I loved the earth huts! They’re made of cement and compacted earth, and the architecture is inspired by African rondavels (the founder is South African). Many of them sit on hillsides, so they almost feel like treehouses.

There are also some pretty crazy villas at Naked Stables available for short stays or even for sale!

During our time at Moganshan we also got to sample some of the foods cooked at Naked Stables. Naked boasts ingredients sourced from either their own organic farm or directly from the producer (local whenever possible). Not every dish was amazing, and obviously we only sampled a small selection of what they had, but there were a few standouts, including a hand-pulled noodle soup where I thought the highlight was the giant crispy bamboo shoots. They also serve a great burger, which is hard to find over here!

I actually would’ve liked to check out the Naked Home Village, as it is made up of the original farmhouses of an actual village that the founder stumbled upon. It’s further up the mountain and so is more remote. And given the history of the structures, it seems to retain more of the original feel of the locale. Each house in the Home Village is also assigned an ayi (housekeeper) who cooks local dishes that many reviewers have said good things about. About half of the farmhouses are also meant for larger groups, so it seems like a fun place to go for a family reunion or church retreat or even just a gathering of friends. Each of these farmhouses has its own kitchen, so you also have the option of cooking your own meals, whether with ingredients you bring yourself or DIY meal sets purchased there.

I also had the chance to take some walks around the area, which I thoroughly enjoyed. I came upon rice paddies, tea plantations, bamboo groves, corn fields, and running streams. It was breathtaking. And I didn’t encounter a single person!

Our stay was definitely a respite from city life. And I was not the only one who had a nice time. :)


Just wanted to post a little update after arriving in China four weeks ago. We’ve been in Shanghai for a little longer than intended, due to a couple unexpected complications and what my husband calls the molasses speed of the paperwork process we encountered. But! We are scheduled to head to Beijing this coming Tuesday, and I am relieved to be nearing the end.

I don’t know what it is… the first time I was in Shanghai, I was absolutely smitten with the city — the history, the sophistication, the friendliness of the people. All of that is still true, but I guess this time around I’ve been more exhausted. We moved three times in less than two weeks (and still haven’t arrived at our intended destination). The weather’s been typically hot and humid (though the air quality is much better here than in Beijing). And the addition of a baby this time, of course, complicates things a bit, including how much longer it’s taken to get over jet lag (he has, though, been quite good overall!).

All of which to say, I have done virtually nothing in Shanghai and consequently have hardly anything of interest to report back here.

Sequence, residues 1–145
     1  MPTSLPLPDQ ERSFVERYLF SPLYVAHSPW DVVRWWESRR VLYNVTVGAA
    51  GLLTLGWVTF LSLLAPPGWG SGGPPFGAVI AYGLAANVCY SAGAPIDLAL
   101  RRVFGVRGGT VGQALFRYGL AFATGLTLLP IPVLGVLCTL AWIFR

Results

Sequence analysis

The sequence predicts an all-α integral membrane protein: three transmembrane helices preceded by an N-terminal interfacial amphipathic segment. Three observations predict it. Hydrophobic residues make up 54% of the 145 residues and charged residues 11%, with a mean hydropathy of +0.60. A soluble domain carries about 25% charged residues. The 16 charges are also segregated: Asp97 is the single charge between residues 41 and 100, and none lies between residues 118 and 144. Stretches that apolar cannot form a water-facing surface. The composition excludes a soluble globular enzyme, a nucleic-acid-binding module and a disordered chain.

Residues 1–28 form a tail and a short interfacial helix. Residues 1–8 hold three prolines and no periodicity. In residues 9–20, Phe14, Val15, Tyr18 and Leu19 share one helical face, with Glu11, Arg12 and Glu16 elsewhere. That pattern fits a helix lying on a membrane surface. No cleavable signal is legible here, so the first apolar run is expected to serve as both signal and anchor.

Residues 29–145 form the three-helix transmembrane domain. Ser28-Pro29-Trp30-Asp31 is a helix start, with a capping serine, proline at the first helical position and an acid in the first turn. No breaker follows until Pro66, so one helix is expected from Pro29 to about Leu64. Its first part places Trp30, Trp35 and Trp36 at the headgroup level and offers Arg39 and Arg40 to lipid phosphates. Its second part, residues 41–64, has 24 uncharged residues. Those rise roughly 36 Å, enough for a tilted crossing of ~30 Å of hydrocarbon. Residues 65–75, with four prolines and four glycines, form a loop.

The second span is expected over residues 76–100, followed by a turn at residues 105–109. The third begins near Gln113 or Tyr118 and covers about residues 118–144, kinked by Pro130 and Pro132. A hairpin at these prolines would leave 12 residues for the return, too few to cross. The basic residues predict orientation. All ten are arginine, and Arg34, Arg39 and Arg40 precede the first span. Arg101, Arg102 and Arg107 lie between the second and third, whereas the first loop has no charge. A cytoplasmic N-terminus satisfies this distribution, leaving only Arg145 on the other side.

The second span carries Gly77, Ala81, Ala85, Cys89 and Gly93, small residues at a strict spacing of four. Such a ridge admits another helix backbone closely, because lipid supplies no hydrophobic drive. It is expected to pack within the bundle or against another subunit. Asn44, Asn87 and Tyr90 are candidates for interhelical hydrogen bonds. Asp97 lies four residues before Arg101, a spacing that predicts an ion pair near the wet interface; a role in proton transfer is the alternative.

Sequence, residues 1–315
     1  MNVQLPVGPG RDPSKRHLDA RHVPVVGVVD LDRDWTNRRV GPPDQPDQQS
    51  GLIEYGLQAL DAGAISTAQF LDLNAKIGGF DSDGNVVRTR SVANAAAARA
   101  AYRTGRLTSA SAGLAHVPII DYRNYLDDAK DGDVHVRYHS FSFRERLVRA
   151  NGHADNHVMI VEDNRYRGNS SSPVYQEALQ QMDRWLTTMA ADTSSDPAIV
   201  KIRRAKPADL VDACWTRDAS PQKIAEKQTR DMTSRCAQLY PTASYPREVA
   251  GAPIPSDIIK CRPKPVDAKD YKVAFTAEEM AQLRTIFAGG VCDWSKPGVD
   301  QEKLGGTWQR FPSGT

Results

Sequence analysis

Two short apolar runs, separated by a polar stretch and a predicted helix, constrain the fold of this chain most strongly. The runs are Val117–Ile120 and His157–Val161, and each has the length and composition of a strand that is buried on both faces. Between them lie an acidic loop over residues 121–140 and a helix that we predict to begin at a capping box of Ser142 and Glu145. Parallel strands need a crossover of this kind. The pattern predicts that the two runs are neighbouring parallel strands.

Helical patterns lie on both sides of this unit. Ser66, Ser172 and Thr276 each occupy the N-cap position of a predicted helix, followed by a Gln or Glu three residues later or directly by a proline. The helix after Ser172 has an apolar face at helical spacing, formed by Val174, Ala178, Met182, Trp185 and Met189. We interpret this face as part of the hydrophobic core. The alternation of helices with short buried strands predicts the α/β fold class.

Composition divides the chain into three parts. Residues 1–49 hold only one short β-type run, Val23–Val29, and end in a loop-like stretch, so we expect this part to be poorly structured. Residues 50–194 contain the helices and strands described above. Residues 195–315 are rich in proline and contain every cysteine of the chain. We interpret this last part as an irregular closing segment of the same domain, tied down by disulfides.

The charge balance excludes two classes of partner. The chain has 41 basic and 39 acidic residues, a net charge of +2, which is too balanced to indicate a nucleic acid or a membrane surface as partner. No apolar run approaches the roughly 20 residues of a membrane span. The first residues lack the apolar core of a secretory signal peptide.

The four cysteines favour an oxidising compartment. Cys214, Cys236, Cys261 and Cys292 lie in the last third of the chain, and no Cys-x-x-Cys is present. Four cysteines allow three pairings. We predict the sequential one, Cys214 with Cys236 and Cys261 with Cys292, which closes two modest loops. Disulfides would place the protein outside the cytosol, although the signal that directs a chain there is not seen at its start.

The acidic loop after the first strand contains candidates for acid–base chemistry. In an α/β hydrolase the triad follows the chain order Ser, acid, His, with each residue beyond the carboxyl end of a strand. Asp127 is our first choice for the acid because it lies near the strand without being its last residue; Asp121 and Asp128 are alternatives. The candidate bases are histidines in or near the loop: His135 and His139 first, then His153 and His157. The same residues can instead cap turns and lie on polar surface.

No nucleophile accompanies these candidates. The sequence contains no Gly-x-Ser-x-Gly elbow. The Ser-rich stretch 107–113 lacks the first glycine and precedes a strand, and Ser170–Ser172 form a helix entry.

We did, however, take the opportunity last weekend to go visit some DC friends who moved to Hangzhou last year. While we were heading out that way, we decided to take a little getaway trip for our anniversary (which happens to be today!) to the bamboo forests of Moganshan. More on Moganshan later, but here’s a bit on Hangzhou from our trip last weekend. [Link updated.]

There’s an old saying that goes, “In heaven there is paradise, on earth there is Hangzhou.” It’s purportedly one of the most beautiful cities in China. Given how industrialized most cities have become in China, though, I’m never quite sure what to expect. Perhaps that was for the best, because it allowed me to be pleasantly surprised by just how lovely Hangzhou actually is.

The city of Hangzhou is so refreshingly lush with trees and water. It actually smells naturey! Our friends Melanie and Brian took us on a nice long walk through their treelined university campus and on to West Lake and then back to their apartment.

To give you an idea how hot it was, here’s our poor little guy trying to stay cool.

On our way back, we stopped at Pur for dinner, a favorite of our friends’. We started with a carafe of lemonade that included lemon, calamansi lime, and passion fruit — a fragrant tropical drink that really hit the spot after a hot afternoon of walking.

Even little E seemed to be doing better (well, he had food but not lemonade :).

For the meal, we were eager to try some of our friends’ favorites — a cold pumpkin appetizer dish topped with parmesan, and tofu cubes in a nest of bread covered with tomato sauce. We also ordered a couple meat dishes, a claypot rice dish (bo jai fan), some stir-fried water spinach, and mango sorbet. It was all really well done and, what’s more, came to only about $8 (US) per person.

In the end, Hangzhou turned out to be just the break we needed: trees, water, fresh air, good food, and good friends!

Update (5/13/2013): The Hangzhou friends we visited tell me Pur is no longer what it was — skimpier portions and not quite as good food. Nevertheless, here are the details, and more (including a map) can be found in a review here.

Pur 朴墅餐厅
Qingzhiwu, 61 Yugu Road
Phone: 0571 8720 3383


I’m currently in the middle of a big move… to the other side of the world.

My husband’s work is sending us to Beijing for the next three years or so to cover news in China. I’ve always wanted to live abroad and to give our little E the chance to be immersed in another culture. So we’re both excited about this opportunity.

The past week has been full of craziness: We found a tenant for our apartment, amassed things we’ll need or just miss, had movers come and pack up most of our belongings, and today we sold our car.

We leave on Sunday for Shanghai, where we’ll be taking care of some official things before we head to Beijing.

In light of all this, I’ll be taking a short break from posting here, but I’m hoping to resume soon with lots to share as we embark on this new adventure. I also still have a few more France posts (hope you’re not sick of those yet!). And we hope to take advantage of our time in Asia to travel to various nearby countries. In fact, Becca and I will be joining our parents for 10 days in Saigon in September, which I’m super excited about!

In the meantime, if you’d like to follow along, you can find me on Instagram. Be back soon!